Athlete's foot is an extremely common skin disorder with 70% people developing the infection at some time during their life.
One does not have to be an athlete to get athlete's foot. Anyone who wears moist shoes for long time can get it. The fungus that causes it thrives in the warm and moist conditions found in most shoes. It affects the sole of the feet but can spread to other parts of the body including the palm or groin, specially the scrotum of men. This condition is called jock itch.
Cracked, flaking and peeling skin between the toes or side of the foot is the most common symptom of athlete’s foot.
30-40% infections resolve without any treatment. Hygiene plays an important role in managing an athlete's foot infection. Keeping feet and footwear as dry as possible and avoiding sharing towels etc., aids in the prevention of primary infection. Antifungal creams or powders help control the infection.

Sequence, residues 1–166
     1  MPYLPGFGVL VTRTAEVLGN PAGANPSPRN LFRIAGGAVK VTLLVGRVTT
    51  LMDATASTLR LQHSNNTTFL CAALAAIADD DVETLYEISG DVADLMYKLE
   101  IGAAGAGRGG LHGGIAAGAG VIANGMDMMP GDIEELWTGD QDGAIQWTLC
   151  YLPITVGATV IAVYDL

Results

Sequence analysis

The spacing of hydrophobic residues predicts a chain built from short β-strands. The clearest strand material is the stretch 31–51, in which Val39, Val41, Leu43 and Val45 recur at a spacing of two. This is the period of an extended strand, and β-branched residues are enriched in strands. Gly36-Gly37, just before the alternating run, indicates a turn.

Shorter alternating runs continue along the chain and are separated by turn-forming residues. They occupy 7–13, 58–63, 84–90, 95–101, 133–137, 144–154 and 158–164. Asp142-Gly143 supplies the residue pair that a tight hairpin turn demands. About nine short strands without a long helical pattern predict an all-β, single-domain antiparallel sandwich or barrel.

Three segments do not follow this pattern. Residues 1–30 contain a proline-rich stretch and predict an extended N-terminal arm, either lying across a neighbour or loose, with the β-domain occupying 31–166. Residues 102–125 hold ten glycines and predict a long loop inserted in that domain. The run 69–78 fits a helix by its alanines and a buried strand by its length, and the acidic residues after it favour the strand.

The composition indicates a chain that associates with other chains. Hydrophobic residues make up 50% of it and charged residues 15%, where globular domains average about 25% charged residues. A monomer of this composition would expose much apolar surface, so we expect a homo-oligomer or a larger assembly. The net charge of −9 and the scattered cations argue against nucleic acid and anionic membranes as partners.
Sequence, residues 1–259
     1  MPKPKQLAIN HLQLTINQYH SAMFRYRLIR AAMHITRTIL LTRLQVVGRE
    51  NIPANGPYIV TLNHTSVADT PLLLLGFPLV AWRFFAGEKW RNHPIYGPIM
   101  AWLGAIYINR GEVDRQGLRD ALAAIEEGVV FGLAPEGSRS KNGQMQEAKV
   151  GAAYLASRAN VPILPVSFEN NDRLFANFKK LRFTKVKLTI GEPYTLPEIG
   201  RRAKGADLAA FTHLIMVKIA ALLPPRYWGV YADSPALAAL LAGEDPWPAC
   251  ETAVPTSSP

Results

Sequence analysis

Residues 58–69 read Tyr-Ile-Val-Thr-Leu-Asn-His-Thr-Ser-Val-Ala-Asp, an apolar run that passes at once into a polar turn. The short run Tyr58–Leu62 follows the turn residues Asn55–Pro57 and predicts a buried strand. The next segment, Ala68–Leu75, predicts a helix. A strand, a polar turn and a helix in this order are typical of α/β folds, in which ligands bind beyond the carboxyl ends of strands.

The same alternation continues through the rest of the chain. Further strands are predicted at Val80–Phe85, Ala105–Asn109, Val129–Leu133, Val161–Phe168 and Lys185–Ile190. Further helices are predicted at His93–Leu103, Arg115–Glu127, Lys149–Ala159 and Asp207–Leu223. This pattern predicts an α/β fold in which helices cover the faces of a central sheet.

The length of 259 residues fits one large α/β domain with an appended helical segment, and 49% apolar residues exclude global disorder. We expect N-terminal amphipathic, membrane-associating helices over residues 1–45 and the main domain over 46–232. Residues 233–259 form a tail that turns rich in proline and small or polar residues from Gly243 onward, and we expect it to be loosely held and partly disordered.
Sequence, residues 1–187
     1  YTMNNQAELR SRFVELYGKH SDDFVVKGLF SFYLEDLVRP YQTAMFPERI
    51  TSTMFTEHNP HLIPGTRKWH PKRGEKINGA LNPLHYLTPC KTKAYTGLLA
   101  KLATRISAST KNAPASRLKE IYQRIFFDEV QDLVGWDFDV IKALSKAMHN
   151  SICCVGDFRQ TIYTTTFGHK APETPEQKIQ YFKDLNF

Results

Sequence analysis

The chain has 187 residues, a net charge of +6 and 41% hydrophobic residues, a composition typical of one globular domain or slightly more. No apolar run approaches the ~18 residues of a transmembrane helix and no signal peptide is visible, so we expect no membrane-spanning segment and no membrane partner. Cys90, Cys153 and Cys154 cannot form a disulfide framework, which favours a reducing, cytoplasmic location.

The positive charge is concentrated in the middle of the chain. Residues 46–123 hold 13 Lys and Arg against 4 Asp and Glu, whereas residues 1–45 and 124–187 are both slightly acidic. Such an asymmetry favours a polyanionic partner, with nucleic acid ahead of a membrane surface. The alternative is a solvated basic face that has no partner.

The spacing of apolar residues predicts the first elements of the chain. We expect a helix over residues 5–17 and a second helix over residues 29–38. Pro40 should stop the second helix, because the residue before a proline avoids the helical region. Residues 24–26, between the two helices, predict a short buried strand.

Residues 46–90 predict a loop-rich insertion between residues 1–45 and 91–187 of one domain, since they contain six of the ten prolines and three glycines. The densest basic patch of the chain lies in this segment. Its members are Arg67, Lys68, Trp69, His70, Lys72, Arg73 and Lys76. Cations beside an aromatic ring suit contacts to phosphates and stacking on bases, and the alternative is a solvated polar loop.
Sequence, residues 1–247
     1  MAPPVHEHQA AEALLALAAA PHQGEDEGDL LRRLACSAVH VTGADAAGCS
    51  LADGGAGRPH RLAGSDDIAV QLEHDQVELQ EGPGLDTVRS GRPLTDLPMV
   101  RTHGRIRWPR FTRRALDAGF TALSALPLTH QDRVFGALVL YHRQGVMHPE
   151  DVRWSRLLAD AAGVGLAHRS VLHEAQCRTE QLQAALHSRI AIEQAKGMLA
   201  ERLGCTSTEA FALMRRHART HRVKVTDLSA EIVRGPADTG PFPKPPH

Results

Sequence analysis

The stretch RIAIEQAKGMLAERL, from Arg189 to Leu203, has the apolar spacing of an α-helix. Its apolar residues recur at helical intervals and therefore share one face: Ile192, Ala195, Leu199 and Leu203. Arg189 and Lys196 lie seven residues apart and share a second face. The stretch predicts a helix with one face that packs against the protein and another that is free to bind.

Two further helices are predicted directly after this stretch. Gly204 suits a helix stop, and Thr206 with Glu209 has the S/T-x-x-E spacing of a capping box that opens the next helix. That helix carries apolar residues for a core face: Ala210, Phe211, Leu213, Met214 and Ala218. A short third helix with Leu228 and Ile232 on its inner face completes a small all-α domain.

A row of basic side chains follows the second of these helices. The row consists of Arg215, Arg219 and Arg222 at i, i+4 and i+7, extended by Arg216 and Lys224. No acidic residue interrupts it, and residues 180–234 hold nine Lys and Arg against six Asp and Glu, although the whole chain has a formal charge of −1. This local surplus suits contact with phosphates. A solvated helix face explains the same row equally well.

Latest Publication and Research on Athletes FootSertaconazole: an antifungal agent for the topical treatment of superficial candidiasis. - Published by PubMed
A Comparison of Two Multisegment Foot Models in High-and Low-Arched Athletes. - Published by PubMed
[Molecular biological detection of dermatophytes in clinical samples when onychomycosis or tinea pedis is suspected : A prospective study comparing conventional dermatomycological diagnostics and polymerase chain reaction]. - Published by PubMed
REACTION TIME IN THE AGILITY TEST UNDER SIMULATED COMPETITIVE AND NON-COMPETITIVE CONDITIONS. - Published by PubMed
Time-to-contact demonstrates modulation of postural control during a dynamic lower extremity task. - Published by PubMed